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Jeremy Corbyn and Owen Smith are going head-to-head in the Labour Party leadership contest. Here's a guide to the timetable and rules of the race, and what sparked it. Labour leadership election timetable 18 July: Registration to sign up as a registered supporter to vote in the election opened at 17:00 BST 19-20 July: The number of MP nominations for each candidate to be published 20 July: Deadline for people to sign up as a registered supporter closes at 17:00 BST 22 August: Ballot papers start to be sent out in the post (Labour Party members only) and by email 21 September: Deadline for ballot papers to be returned closes at midday 24 September: The result will be announced at a special conference in Liverpool
Jeremy Corbyn has always had relatively little support among the party's 232 MPs. In last year's leadership contest candidates had to be nominated by 35 Labour MPs to go through to the wider vote of party members. Mr Corbyn only managed to get the backing of that many after some Labour MPs - including London mayor Sadiq Khan - decided to nominate him to "widen the debate" by ensuring there was a left-wing Labour voice in the contest. Although he was seen as the outsider in the contest, when it moved to the wider vote of party members and the new "£3 supporters", he surprised commentators and the party's top brass as he surged through to be elected Labour leader, with 59.5% of the vote. That victory included overwhelming support from all the groups who voted in the contest - party members, affiliated supporters - including trade unionists - and registered supporters who rallied behind his anti-austerity message and promise of a new politics. Under Mr Corbyn, Labour has won the by-elections in seats it has defended. But it has also had what was judged to be a disappointing set of results in May's elections around the UK. The trigger for the move against him was the UK's vote to leave the EU. Labour rebels say they felt Mr Corbyn - the most Eurosceptic Labour leader for 30 years - had not shown enough enthusiasm and leadership during the campaign, despite arguing for a Remain vote. Dozens of his frontbench team have walked out since Hilary Benn was sacked on 26 June, saying Mr Corbyn cannot win a general election. The Labour leader has said he will carry on, replacing them with colleagues who are more sympathetic to his political views.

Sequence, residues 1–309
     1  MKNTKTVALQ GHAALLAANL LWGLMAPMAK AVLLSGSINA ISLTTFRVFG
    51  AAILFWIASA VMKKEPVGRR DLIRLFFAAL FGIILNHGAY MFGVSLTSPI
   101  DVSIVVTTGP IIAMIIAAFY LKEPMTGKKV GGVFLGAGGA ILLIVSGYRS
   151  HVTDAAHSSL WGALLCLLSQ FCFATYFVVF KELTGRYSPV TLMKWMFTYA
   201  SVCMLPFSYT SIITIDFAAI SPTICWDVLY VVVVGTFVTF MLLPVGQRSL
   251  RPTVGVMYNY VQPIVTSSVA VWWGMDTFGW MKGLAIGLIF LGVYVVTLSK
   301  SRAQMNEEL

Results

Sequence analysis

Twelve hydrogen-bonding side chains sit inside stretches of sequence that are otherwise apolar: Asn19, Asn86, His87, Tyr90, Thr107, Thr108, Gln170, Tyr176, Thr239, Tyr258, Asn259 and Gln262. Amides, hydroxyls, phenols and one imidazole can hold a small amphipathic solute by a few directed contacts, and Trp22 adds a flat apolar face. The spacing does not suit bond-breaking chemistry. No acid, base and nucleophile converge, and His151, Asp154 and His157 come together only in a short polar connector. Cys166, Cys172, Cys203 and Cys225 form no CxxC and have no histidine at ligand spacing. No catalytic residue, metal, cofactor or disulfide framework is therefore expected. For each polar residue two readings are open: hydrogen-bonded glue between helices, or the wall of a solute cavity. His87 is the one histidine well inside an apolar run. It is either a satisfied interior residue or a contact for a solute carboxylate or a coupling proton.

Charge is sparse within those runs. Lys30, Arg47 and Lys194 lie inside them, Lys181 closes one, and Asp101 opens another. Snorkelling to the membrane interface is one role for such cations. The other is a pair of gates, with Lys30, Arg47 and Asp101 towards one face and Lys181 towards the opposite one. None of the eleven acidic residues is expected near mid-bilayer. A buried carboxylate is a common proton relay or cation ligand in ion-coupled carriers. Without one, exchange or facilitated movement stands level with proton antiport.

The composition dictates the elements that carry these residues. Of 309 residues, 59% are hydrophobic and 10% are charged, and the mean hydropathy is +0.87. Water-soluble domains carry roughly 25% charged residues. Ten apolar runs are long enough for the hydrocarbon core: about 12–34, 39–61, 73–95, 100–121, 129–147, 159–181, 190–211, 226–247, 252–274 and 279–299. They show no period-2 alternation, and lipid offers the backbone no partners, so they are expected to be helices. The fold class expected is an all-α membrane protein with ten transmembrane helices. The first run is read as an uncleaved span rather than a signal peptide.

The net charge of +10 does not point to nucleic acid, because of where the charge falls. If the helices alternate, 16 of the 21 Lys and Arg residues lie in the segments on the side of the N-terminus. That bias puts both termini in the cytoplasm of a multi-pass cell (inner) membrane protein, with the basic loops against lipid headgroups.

Watching Labour in opposition calls to mind the old joke about the drunken man on his hands and knees under a street lamp. A passing policeman asks what he is doing. “Looking for my keys,” comes the slurred reply. “Are you sure this is where you dropped them?” the copper asks. “No,” says the man. “I lost them in the park.” “So why are you crawling here?” asks the constable. The drunk says: “This is where the light is.” It is 11 years since Labour won a general election, and history has not waited. A generation of MPs has risen and fallen. Coalition government has been and gone. Nationalists have a near monopoly in Scotland. In the 10 months since Jeremy Corbyn was elected to lead his party David Cameron has resigned and Britain has voted to leave the European Union. Yet Labour crawls in the familiar sodium haze, debating who is to blame for dropping the keys to power, not where to search for them.